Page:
City of Vancouver Adopts Bold Decarbonization Strategy
- Big move #4, “all new and replacement heating and hot water systems will be zero-emission by 2025” was approved by council in April 2020
- Transition to zero-carbon heating systems beginning April 2022 (Part 9 buildings, including low rise MURB)
- See below for incentive funding sources available to support this transition
- CaGBC Zero Carbon (ZCB) certification offers recognition of your efforts
Almost 40% of global carbon emissions are attributed to building operations. As we move toward our 2030 goal of a 40% reduction in carbon emissions (over 2007 levels), major steps are required to decarbonize new and existing buildings.
In recognition of this challenge, the City of Vancouver has taken the bold step of mandating that all new and replacement heating and hot water building systems will be zero-emission by 2025.
This single move will aim to reduce greenhouse gas emissions from buildings by 56%, however, it presents many challenges for building owners and designers around the technologies and approaches that could be adopted to ensure the cost-effective transition to electric heating alternatives can be achieved.
City of Vancouver Climate Emergency Action
The Vancouver climate emergency response report released in April 2019, was approved by council in March 2020. The report included six (6) big moves, one of which is directly related to buildings:
Action #4: By 2025, all new and replacement heating and hot water systems will be zero emissions.
This means that by 2025 all new and retrofit projects are obligated to install an electric solution for space heating and domestic hot water services, a large portion of which are expected to consist of heat pump technology.
The carbon reduction potential of this action alone will achieve 46% of Vancouver’s targeted reductions, (552,000 tonnes CO2e/year reduced by 2030). Staff will report back to council by fall 2020 with a strategy to achieve the target.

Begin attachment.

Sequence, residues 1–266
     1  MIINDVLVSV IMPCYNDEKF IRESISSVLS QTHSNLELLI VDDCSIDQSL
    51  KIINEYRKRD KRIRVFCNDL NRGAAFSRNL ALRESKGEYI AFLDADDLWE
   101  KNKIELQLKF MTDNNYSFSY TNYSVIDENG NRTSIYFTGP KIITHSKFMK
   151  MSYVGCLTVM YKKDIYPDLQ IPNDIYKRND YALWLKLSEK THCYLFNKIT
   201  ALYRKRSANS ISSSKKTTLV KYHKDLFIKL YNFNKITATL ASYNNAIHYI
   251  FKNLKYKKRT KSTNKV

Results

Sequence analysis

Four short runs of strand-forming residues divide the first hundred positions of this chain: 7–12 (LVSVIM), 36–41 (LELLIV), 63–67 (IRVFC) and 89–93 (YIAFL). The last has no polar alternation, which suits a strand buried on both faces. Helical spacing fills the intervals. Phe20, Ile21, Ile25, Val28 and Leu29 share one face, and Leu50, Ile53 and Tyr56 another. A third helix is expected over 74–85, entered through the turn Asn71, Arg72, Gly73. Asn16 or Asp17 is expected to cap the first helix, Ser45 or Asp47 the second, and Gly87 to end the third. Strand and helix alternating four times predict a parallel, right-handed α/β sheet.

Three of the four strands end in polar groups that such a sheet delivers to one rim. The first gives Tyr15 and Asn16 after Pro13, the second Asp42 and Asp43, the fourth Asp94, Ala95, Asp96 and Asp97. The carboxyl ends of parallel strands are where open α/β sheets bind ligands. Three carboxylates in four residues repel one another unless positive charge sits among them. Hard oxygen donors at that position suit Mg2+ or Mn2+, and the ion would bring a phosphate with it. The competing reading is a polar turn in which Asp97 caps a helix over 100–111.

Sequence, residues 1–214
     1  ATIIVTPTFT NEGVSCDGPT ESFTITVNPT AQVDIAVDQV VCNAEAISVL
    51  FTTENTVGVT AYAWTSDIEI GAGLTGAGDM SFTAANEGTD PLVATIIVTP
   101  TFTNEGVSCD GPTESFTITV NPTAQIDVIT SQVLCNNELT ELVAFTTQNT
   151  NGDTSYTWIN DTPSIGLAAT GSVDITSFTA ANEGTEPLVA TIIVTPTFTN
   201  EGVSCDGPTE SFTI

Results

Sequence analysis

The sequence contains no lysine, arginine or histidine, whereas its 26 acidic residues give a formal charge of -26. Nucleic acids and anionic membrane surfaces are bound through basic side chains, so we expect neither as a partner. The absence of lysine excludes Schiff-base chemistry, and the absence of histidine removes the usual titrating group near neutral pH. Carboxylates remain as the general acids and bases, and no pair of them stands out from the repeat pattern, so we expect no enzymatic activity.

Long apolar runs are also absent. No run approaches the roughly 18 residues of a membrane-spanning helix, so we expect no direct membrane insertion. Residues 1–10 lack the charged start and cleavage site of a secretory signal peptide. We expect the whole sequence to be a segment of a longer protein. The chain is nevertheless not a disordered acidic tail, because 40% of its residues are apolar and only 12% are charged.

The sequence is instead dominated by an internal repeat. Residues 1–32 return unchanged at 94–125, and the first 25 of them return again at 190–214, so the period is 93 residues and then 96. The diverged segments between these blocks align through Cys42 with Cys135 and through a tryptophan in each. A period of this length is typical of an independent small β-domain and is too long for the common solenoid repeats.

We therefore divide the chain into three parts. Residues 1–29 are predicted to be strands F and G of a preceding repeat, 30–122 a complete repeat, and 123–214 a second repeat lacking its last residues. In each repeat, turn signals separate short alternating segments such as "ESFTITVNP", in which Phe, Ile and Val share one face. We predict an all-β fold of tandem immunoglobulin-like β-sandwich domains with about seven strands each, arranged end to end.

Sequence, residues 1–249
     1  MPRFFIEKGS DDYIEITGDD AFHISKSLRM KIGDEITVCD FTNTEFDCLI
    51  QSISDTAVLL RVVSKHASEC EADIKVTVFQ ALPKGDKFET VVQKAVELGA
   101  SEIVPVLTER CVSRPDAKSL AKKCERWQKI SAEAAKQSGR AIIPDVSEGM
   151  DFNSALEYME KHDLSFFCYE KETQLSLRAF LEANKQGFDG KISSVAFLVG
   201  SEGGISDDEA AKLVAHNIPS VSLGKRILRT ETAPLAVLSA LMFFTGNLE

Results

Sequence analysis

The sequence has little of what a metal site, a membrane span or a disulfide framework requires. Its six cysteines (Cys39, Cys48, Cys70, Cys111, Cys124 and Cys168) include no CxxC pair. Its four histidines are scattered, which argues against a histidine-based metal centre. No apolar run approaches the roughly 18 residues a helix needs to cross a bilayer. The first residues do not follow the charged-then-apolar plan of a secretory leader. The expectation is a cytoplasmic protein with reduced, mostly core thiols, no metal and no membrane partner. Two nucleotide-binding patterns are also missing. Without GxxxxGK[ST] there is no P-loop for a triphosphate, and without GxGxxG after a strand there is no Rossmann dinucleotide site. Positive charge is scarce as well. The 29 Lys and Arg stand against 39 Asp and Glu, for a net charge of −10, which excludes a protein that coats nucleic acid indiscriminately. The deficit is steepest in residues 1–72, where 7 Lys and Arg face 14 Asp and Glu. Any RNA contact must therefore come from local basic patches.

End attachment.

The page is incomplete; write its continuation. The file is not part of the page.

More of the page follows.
In March 2020 and in preparation of this big move, the city of Vancouver updated the report to include the following intermediate actions: improve energy efficiency requirement for residential buildings (3 storeys and under) beginning January 2022; make efforts to meet BC energy step code for residential buildings (4-6 storeys) beginning January 2021; set a limit of 2 tonnes of carbon emissions from new single-family and duplex dwellings beginning January 2021; and to make amendments to close the gap in lighting provision beginning July 2020.
BC Building Code – BC STEP Code
BC building code along with building step code guidelines has set a goal to make buildings 20% more efficient by 2022, 40% more efficient by 2027, and 80% more efficient or net-zero ready by 2032. These regulations applied around all BC, and although they are less strict than the city of Vancouver requirement, they all are rigid steps towards zero carbon buildings.
Incentive Funding Sources
The transition from natural gas heating to electric heat pump technology will come at a cost for building owners. In recognition of this, there are several sources of government funding available to building owners, to help offset the costs of installing heat pump / electric heating technology:
Incentives to support electrification measures, such as heat pumps
A top-up to the CleanBC rebates for the installation of heat pumps
For the design and construction of a single-family home or low rise residential buildings that meet the requirement of Step Code level 4, 5 or the Passive House standard
For all home retrofit rebates, see the
For all commercial building retrofit rebates, see the
CaGBC Zero Carbon (ZCB) certification – Recognition of your efforts
Canada Green building Council launched the updated Zero Carbon standard (V2) in March 2020. The certification offers a method for building owners to be recognized for their efforts and achievements in reaching zero carbon performance.
The release of the CaGBC Zero Carbon Building standard provides a timely, made-in-Canada solution that provides standards, education & research to support Canada’s climate mitigation goals.
If you would like to learn more about these upcoming changes, feel free to reach out to us!